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3. Try to find a LUT that shows all data.
4. Never use multi color LUTs, they are confusing.
5. Already on the  microscope change the settings such that only relevant structures are visible, e.g. lower the gain such that dark irrelevant objects have zero pixel values.
6. Adjust LUT settings such that background noise is not visible, because this is distracting.
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7. Add a LUT calibration to the image, such that readers can see that not all information might be visible.
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## Image math

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<img src='https://g.gravizo.com/svg?
 digraph G {
    shift [fontcolor=white,color=white];
    image_math -> pixel_values [label="  changes"];
    image_math -> pixel_data_type [label="  does not change"];
    image_math -> wrong_pixel_values [label = "  can yield"] 
  }
'/>

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### Motivation

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It sometimes is necessary to change numberic content of images. It is important to understand how to do this properly in order to avoid uncontrolled artifacts.

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What are good reasons to change the pixel values in an image?

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1. For intensity measurements, the image background (e.g. camera based offset) should be subtracted from all pixels.
2. For threshold based image segmentation (object detection), it helps to first filter noise in the image.
3. For intensity measurements, it helps to filter noise in the image.
4. The image appears to dark, multiplication of all pixels by a constant number is a means to make it brighter.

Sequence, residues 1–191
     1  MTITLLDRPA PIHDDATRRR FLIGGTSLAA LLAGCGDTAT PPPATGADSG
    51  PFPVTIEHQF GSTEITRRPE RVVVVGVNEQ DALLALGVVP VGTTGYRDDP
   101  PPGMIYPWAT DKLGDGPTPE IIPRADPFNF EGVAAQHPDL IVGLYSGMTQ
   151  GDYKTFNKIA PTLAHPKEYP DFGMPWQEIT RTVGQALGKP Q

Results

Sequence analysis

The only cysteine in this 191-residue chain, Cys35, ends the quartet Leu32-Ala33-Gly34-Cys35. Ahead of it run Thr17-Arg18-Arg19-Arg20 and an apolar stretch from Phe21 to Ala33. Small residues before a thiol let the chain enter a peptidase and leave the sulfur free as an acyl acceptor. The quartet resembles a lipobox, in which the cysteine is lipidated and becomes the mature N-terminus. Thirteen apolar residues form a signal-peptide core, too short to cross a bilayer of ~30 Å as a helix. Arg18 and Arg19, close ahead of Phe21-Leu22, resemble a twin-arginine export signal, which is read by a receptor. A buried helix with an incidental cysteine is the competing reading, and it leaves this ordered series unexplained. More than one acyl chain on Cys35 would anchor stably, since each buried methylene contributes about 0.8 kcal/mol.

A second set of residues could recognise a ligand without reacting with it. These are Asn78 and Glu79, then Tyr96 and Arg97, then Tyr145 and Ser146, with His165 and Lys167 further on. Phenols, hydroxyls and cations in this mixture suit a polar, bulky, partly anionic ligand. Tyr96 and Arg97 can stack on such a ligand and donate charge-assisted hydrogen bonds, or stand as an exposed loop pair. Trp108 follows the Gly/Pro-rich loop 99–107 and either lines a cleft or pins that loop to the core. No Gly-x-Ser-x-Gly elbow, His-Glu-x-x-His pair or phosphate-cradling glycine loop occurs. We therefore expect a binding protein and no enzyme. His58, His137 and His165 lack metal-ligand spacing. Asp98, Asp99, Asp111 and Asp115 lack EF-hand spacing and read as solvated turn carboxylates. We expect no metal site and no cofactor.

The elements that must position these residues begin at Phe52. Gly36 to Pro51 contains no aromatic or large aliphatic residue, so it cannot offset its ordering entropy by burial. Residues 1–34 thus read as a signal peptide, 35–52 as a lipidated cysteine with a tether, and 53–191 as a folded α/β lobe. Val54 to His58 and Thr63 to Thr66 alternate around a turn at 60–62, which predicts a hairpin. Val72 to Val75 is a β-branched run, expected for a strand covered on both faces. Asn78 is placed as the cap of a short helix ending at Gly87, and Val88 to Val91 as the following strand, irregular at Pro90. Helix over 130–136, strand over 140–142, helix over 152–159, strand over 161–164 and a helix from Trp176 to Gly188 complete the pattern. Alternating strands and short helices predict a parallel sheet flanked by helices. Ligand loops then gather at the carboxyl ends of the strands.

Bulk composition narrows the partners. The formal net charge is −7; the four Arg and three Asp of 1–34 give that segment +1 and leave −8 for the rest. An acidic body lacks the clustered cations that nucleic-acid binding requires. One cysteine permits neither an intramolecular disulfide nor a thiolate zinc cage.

5. For uneven illumination (e.g. occuring in wide-field microscopy with large camera chips), one should do flat-field correction, which makes the intensity values even across the image.
6. Our microscope was broken. We took images on a replacement microscope. The pixel values were consistently higher than on our usual microscope. We multiplied the pixels on all images from the replacement microscope by a constant factor to make them comparable to our usual data.
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### Activity: Perform pixel based background subtraction
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- Open image: `xy_8bit__nuclei_noisy_different_intensity.tif`
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- Appreciate the significant background intensity
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- Measure pixel value at `[ 28, 35 ]` and `[ 28, 39 ]`
- Measure background intensity in below region:
	- upper left corner at `[ 20, 35 ]`
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	- width = 10
	- height = 10 
- Subtract the measured background intensity from each pixel 
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- Measure pixel values again at above coordinates ( `[ 28, 35 ]` and `[ 28, 39 ]` )